Nonprofit, nonpartisan journalism. Supported by readers.


Controversial GOP posts prompt party to draft social-media guidelines

State party taking action after recent posts by Chisago County and Winona County Republicans draw attacks.

Controversial GOP posts prompt party to draft social-media guidelinesA controversy over the use of social media has broken out and helped prompt the state GOP to draft social-media best-practices guidelines.

“It is important for Republicans to realize the power and risk of online social media,” said GOP Chair Keith Downey. “They are carrying the Republican message and brand with everything they put out there.”

Downey was referring to a Facebook post by the Chisago County Republican Party that included the line “Pro-choice: Against slavery? Don’t buy one” and another Facebook post by Winona County Republicans depicting a toothless President Obama with a racially stereotyping grin and a doctored photo of Michelle Obama with gold grills. The post —  that  included the headline “If you like your teeth…”— apparently was intended to suggest this is what you would look like if you used Obamacare to get dental insurance.

The posts prompted a Twitter exchange between Downey and DFL Party Chair Ken Martin. Martin tweeted: “Are you serious?Once again the #MNGOP proves that racism is alive and well in their party.This is unacceptable.” DFL Executive Director Corey Day also issued a statement attacking the state GOP for not criticizing the posts more strongly.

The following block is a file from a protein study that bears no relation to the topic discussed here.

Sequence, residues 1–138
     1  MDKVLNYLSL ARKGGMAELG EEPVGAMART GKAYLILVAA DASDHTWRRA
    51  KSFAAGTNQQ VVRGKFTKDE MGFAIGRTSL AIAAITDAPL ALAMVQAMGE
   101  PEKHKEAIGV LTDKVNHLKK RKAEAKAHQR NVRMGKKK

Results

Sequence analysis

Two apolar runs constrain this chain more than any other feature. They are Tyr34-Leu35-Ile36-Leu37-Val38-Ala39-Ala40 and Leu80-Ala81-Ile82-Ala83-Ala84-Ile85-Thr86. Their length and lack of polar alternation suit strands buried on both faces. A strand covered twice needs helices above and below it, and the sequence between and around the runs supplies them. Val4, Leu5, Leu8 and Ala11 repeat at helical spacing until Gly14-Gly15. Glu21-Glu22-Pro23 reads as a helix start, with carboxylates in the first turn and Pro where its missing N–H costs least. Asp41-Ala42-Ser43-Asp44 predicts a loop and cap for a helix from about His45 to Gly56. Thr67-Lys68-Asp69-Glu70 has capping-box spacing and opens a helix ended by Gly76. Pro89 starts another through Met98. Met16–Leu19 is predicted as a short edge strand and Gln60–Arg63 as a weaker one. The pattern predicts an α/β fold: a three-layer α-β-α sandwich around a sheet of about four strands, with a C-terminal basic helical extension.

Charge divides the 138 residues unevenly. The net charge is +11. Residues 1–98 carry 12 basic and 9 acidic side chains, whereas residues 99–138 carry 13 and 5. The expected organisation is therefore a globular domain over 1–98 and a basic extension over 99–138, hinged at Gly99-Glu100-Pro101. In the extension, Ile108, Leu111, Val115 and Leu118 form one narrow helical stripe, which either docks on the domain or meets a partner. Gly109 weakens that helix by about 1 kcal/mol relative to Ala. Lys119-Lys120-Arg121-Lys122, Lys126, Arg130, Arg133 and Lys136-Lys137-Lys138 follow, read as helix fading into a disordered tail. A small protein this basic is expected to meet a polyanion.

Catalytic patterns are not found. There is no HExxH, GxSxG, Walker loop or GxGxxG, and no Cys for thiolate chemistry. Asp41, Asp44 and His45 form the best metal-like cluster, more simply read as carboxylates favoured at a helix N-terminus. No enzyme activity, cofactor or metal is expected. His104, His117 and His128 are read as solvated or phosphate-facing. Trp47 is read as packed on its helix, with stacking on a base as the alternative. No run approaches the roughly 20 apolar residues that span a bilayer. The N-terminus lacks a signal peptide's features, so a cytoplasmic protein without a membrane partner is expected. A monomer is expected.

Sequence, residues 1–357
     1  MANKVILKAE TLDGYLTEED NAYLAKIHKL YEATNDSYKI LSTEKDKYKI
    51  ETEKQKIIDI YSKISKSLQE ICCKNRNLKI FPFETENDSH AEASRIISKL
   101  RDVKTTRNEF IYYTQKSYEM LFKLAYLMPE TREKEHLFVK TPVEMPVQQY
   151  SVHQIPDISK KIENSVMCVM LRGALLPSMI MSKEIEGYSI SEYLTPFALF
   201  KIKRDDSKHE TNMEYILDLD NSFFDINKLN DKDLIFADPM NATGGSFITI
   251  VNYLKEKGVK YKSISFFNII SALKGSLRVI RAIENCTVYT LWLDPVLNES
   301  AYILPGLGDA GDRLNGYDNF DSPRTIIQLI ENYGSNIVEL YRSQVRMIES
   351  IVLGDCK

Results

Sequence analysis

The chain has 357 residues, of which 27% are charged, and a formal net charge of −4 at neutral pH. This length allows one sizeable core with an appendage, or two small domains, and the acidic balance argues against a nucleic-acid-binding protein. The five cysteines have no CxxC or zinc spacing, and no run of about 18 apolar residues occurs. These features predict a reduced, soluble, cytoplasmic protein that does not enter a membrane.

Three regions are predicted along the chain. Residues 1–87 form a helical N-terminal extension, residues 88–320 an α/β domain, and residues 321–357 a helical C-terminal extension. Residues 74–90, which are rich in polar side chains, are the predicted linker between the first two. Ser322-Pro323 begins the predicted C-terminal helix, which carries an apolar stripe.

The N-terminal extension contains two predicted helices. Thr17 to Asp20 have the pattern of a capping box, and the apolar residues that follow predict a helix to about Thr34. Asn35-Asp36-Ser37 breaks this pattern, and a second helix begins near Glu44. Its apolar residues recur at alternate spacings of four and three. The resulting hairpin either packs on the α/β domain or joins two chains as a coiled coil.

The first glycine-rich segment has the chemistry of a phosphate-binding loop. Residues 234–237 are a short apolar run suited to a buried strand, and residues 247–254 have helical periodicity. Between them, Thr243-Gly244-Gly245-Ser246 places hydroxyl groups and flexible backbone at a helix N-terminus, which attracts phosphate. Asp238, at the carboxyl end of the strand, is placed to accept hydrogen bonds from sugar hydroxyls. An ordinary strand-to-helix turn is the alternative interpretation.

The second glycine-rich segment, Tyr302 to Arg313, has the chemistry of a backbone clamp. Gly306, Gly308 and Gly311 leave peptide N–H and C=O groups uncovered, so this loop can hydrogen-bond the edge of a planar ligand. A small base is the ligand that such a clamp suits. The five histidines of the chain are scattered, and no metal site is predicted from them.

Article continues after advertisement

Michael Brodkorb’s has a good summary of the tense back-and-forth over the posts.

The DFL, meanwhile, had its own taste of tastelessness with a post on the Alliance for a Better Minnesota’s website that compared gubernatorial candidate Jeff Johnson to the gruesome serial killer Patrick Bateman in the film “American Psycho.”

“When we realized what the image actually meant we took it down…within 10 minutes,” said ABM Executive Director Carrier Lucking, who noted the DFL Party has had social-media guidelines in place for several years.

Downey said the Republican Party is updating all of its policies —  “We are building this organization from the ground up” — but that its social-media policy is particularly important. “So many of our local groups are new to this and they need to be aware of things they may not have worried about in the past,” he said.

The guidelines offer basic do’s and don’ts for groups that are in the public eye, such as: “Do present intelligent, responsible, trustworthy information. Don’t be obnoxious, petty juvenile, demeaning.”

Downey said the guidelines are still in draft form. He expects them to be approved by the party’s executive committee this week and then sent out to local Republican units.